Tooth bushing plays an important everyday role for personal oral hyygiene and effective plaque removal.  Appropriate toothbrush care and maintenance are also importrant considertions for sound oral hygiene.  The ADA recommends that consumers replace toothbrushes approximately every 3-4 months or sooner if the bristles become frayed with use.

In recent years, scientists have studied whether toothbrushes may harbor microorganisms that could cause oral and/or systemic infection.1-4 We know that the oral cavity is home to hundreds of different types of microorganisms;5 therefore, it is not surprising that some of these microorganisms are transferred to a toothbrush during use. It may also be possible for microorganisms that are present in the environment where the toothbrush is stored to establish themselves on the brush. Toothbrushes may even have bacteria on them right out of the box4 since they are not required to be sold in a sterile package.

The human body is constantly exposed to potentially harmful microbes.  However, the body is normally able to defend itself against infections through a comination of passive and active mechanisms.  Intact skin and mucous membranes function as a passive barrier to bacteria and other organisms.  When these varriers are challenged or breached, active mechanisms such as enzymes, digestive acids, tear, white blood cells ad antibodies come into play to protect the body from disease.

Although studies have shown that various microorganisms can grow on toothbrushes after use, and other studies have examined various methods to reduce the level of these bacteria,6-10 there is insufficient clinical evidence to support that bacterial growth on toothbrushes will lead to specific adverse oral or systemic health effects.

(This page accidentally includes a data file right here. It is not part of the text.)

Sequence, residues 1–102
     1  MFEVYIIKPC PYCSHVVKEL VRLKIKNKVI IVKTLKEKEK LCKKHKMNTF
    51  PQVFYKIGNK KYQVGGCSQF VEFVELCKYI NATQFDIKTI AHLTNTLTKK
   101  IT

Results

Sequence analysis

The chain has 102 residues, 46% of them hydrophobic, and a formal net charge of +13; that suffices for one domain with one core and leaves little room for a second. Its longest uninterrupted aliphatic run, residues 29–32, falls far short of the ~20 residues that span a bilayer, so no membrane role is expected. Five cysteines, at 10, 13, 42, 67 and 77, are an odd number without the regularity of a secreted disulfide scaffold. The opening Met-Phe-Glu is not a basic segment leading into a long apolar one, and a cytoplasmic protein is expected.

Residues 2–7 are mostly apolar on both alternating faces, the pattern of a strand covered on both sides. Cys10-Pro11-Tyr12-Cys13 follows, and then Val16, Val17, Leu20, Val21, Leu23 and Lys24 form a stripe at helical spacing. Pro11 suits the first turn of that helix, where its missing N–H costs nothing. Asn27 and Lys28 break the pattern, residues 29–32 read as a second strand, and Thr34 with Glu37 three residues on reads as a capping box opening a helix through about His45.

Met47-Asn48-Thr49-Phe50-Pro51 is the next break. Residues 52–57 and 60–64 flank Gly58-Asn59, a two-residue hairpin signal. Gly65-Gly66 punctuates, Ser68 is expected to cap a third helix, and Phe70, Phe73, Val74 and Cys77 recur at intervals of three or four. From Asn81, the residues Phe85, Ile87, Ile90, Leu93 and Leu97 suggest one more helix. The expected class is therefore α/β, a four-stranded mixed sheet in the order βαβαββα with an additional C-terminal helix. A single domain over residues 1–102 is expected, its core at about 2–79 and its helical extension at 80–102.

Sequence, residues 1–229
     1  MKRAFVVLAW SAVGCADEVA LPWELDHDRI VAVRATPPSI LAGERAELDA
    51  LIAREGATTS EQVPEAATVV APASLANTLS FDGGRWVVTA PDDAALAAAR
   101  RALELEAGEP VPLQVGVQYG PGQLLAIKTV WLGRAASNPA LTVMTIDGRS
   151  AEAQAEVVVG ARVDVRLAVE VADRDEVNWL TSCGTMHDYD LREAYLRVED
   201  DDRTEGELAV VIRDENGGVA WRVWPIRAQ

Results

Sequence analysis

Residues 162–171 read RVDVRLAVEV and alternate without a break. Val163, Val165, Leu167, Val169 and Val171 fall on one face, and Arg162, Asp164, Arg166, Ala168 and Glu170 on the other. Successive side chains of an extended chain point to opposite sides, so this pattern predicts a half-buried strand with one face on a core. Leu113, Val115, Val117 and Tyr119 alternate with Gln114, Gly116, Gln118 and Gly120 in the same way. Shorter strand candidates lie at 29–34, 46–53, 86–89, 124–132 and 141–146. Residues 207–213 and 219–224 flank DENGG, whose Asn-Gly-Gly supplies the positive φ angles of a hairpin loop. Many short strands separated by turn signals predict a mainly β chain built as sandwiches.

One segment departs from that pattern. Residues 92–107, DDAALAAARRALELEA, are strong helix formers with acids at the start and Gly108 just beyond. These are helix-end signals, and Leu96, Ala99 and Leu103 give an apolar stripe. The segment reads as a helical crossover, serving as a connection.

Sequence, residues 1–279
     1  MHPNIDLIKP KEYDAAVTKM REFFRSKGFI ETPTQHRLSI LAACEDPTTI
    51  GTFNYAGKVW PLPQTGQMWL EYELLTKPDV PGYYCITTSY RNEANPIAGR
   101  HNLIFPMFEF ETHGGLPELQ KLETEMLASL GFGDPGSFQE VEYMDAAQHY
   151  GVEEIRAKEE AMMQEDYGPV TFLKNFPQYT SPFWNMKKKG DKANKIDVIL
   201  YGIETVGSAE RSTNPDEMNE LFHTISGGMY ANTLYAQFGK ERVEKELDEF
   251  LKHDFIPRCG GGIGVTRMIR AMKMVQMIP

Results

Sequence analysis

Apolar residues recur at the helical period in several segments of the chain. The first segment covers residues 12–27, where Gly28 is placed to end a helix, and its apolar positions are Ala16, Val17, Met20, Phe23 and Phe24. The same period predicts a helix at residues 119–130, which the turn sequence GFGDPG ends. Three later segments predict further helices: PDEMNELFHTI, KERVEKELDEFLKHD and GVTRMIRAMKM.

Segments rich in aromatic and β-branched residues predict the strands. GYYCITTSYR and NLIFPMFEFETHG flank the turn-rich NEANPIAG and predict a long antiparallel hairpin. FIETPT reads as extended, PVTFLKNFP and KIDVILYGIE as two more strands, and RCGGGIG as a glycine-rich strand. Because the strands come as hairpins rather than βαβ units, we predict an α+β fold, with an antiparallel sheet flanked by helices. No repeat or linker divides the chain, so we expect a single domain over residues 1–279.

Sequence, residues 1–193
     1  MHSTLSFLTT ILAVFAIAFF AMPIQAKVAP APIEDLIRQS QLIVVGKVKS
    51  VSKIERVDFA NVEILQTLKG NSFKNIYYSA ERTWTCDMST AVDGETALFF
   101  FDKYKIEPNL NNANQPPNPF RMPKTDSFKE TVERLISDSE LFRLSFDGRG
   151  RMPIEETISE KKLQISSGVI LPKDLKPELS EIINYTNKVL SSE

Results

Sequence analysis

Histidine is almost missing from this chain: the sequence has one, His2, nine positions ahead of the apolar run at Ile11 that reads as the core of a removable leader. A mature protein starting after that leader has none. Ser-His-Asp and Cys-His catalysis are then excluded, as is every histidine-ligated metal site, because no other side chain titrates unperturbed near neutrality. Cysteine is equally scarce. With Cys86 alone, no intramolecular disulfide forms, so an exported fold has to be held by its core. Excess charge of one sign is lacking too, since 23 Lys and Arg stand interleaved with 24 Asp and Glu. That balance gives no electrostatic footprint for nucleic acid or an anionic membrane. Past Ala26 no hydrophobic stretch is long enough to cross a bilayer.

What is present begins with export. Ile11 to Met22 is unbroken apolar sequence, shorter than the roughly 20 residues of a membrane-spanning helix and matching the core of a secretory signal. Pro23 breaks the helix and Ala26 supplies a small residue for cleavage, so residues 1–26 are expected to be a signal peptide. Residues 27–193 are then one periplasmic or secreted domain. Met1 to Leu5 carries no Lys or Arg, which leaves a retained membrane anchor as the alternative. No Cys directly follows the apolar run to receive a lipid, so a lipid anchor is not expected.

Baylee Dental General Recommendations for Toothbrush Care 

The ADA and the Council on Scientific Affairs provide the following toothbrush care recommendations:

  • Please do not share toothbrushes. Sharing a toothbrush could result in an exchange of body fluids and/or microorganisms between the users of the toothbrush, placing the individuals involved at an increased risk for infections. This practice could be a particular concern for persons with compromised immune systems or existing infectious diseases.
  • Thoroughly rinse toothbrushes with tap water after brushing to remove any remaining toothpaste and debris. Store the brush in an upright position if possible and allow the toothbrush to air-dry until used again. If more than one brush is stored in the same holder or area, keep the brushes separated to prevent cross-contamination.
  • Do not routinely cover toothbrushes or store them in closed containers. A moist environment such as a closed container is more conducive to the growth of microorganisms than the open air.  Choose one with ventilation holes to help the brush dry.
  • Replace toothbrushes at least every 3–4 months. The bristles become frayed and worn with use and cleaning effectiveness will decrease.11 Toothbrushes will wear out more rapidly depending on factors unique to each patient. Check brushes often for this type of wear and replace them more frequently if needed. Children’s toothbrushes often need replacing more frequently than adult brushes.

Additional Comments 

Cleaning methods beyond those outlined above are not supported by the currently available clinical evidence. While there is evidence of bacterial growth on toothbrushes, there is no clinical evidence that soaking a toothbrush in an antibacterial mouth rinse or using a commercially-available toothbrush sanitizer has any positive or negative effect on oral or systemic health. Some toothbrush cleaning methods, including use of a dishwasher or microwave oven, could damage the brush. Manufacturers may not have designed their products to withstand these conditions. The cleaning effectiveness of the brush might be decreased if it is damaged.